Sunday, August 22, 2010

Aging is the Path Deepening

So many people around me seem to use their age as a measure of themselves, useful to their critic and judge. Age also seems to play a big role in the way we all pity ourselves or worry about "the future." Our view of the past is totally washed by the waters of age bracketing.

My parents are old. Their children are old too. My children are young yet, but they are old compared to how I can remember them.

My body does not function exactly the same way as it did yesterday, or three years ago, or 40 years ago for that matter.

In my practice I teach people of all ages, with bodies that have lived through many different experiences and registered them in various ways. Their minds took all that in as well. My own practice began as an exploration of who I might actually be, an effort to discover whatever I could about living this life in this body as this person, and searching for a way to at least limit the pain involved in that process. I've learned about all these matters, and opened doors and windows that I did not know were there before my practice of yoga, and some that I could see vaguely in the distance have become more familiar to me.

Age is for me now a natural reminder to deepen the practice. Continuously letting go, finding new layers and ways of understanding acceptance, gratitude, and joy. Each creaky joint, each little bit of energy opening up, the requirement that I check in with reality and not make up anything about what is, these are just a few gifts of my aging.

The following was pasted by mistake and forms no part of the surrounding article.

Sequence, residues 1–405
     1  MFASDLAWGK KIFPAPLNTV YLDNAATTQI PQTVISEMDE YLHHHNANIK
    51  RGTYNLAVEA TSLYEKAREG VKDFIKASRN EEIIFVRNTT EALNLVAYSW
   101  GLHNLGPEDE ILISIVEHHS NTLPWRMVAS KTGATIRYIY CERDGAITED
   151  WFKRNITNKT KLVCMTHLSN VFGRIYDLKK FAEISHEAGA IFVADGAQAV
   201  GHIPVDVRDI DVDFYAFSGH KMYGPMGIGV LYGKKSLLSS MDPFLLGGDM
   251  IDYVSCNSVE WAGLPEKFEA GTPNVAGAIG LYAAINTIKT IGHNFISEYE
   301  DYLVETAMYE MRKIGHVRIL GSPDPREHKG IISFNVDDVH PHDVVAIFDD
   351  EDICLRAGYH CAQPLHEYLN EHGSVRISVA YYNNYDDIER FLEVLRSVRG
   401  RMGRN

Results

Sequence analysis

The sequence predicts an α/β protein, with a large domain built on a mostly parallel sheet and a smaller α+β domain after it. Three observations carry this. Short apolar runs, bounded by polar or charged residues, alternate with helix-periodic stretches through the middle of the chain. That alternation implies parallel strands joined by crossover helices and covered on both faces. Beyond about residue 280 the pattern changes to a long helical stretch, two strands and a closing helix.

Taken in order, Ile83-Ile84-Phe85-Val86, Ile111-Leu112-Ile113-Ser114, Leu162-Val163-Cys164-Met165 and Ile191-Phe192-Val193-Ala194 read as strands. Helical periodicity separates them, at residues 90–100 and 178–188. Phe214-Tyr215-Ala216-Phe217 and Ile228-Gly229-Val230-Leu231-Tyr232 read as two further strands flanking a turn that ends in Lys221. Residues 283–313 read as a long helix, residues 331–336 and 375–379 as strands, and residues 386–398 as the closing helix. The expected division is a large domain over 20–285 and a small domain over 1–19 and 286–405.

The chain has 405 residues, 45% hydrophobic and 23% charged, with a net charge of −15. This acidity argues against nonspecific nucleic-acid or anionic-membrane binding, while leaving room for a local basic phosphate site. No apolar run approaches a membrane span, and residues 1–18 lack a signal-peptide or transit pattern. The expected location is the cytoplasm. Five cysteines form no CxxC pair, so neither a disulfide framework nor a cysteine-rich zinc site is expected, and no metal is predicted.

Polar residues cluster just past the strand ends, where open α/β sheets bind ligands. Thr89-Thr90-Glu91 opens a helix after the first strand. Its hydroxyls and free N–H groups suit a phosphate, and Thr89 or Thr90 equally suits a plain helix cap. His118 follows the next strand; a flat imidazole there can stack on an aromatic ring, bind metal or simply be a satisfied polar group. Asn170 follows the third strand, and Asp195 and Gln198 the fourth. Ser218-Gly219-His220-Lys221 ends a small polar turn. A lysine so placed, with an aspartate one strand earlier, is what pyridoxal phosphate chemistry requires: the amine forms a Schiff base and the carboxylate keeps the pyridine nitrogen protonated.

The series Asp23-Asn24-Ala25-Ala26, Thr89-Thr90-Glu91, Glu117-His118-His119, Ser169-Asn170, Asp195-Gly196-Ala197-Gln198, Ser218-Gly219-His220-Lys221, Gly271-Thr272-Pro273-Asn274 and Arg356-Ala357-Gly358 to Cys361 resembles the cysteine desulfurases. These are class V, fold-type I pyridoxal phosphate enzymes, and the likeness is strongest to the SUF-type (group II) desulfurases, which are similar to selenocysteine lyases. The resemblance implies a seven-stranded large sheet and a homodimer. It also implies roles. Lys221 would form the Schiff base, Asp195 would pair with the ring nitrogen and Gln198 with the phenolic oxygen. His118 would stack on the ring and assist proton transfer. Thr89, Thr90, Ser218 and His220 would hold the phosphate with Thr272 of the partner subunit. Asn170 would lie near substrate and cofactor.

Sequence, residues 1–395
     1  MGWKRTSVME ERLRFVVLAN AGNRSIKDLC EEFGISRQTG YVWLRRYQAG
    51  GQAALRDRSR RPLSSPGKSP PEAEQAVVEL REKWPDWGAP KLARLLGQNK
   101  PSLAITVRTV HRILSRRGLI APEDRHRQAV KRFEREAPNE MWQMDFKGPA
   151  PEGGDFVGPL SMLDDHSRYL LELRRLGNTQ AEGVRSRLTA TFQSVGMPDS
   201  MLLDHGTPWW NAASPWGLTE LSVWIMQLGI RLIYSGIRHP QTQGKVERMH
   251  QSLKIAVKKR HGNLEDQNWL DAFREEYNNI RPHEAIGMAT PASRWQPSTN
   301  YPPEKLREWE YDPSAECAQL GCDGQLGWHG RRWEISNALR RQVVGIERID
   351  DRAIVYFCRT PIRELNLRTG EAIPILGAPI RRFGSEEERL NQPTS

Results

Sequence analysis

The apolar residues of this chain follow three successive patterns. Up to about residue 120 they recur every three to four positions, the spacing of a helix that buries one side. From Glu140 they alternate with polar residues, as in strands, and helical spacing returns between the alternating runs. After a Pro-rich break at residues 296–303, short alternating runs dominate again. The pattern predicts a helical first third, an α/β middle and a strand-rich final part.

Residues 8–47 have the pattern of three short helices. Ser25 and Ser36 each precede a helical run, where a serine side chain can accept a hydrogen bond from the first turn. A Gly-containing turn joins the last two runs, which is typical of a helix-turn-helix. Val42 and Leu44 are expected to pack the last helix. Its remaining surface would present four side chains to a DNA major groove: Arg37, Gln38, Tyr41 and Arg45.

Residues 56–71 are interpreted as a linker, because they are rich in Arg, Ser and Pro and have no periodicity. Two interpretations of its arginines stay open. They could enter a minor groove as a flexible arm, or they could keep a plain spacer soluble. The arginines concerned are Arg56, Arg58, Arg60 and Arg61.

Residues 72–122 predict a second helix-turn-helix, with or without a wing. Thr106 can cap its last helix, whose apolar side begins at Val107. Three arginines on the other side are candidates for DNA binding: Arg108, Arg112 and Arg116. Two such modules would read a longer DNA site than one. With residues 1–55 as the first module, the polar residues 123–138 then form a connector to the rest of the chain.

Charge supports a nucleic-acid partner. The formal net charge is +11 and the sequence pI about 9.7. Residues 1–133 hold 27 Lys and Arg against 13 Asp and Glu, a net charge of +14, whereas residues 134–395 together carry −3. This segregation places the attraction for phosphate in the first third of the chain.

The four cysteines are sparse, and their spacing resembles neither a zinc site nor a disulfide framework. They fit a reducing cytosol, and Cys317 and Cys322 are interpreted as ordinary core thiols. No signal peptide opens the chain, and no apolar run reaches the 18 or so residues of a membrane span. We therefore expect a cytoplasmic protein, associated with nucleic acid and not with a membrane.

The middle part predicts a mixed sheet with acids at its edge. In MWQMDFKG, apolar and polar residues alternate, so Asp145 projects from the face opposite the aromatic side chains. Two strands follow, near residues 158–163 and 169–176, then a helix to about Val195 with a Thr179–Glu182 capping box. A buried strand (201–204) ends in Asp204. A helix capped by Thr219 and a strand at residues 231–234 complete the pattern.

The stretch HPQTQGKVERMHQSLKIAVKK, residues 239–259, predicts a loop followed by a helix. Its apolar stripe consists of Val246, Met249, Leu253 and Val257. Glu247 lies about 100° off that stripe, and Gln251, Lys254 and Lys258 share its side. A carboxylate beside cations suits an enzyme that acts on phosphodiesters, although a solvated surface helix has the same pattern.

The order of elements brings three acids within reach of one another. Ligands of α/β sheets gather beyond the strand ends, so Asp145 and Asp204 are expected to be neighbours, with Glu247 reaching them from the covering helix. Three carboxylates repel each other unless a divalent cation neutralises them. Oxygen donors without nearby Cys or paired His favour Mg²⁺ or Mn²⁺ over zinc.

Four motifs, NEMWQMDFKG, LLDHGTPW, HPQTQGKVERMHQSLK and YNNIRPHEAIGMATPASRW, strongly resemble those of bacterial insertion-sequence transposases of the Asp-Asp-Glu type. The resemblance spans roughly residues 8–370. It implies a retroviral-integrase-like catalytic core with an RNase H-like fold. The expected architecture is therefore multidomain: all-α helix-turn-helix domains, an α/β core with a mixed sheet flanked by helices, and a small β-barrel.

I observe my parents, one in a wheelchair with dementia, one fully in charge of a dependent household, and contemplate the number 90. Imagine living ninety years? Imagine memories of being my own age of 56 as so very much younger than the present moment. Nearly half a life ago. What difference does it make that I was more or less flexible a decade ago? How is that knee right now? What can I do to relax that shoulder a little more and draw my energy through my core instead? Can I listen to this conversation in this moment without laying judgment upon every one and every word? Have I seen this before, been here before, heard this before, felt this before? Really? I take a step back to see, think, feel, breathe, observe myself in my patterns and shepherd my feelings like a little flock, safely into the gated pasture where they can be free, and I can be free of them enough to be here now.

The gift of openness, of letting go, gives freedom and truth the chance to take hold in this moment. Just being is the only being there can be, at whatever age. And adding years in and of itself means little. For me, the moment now is the only opportunity offered.

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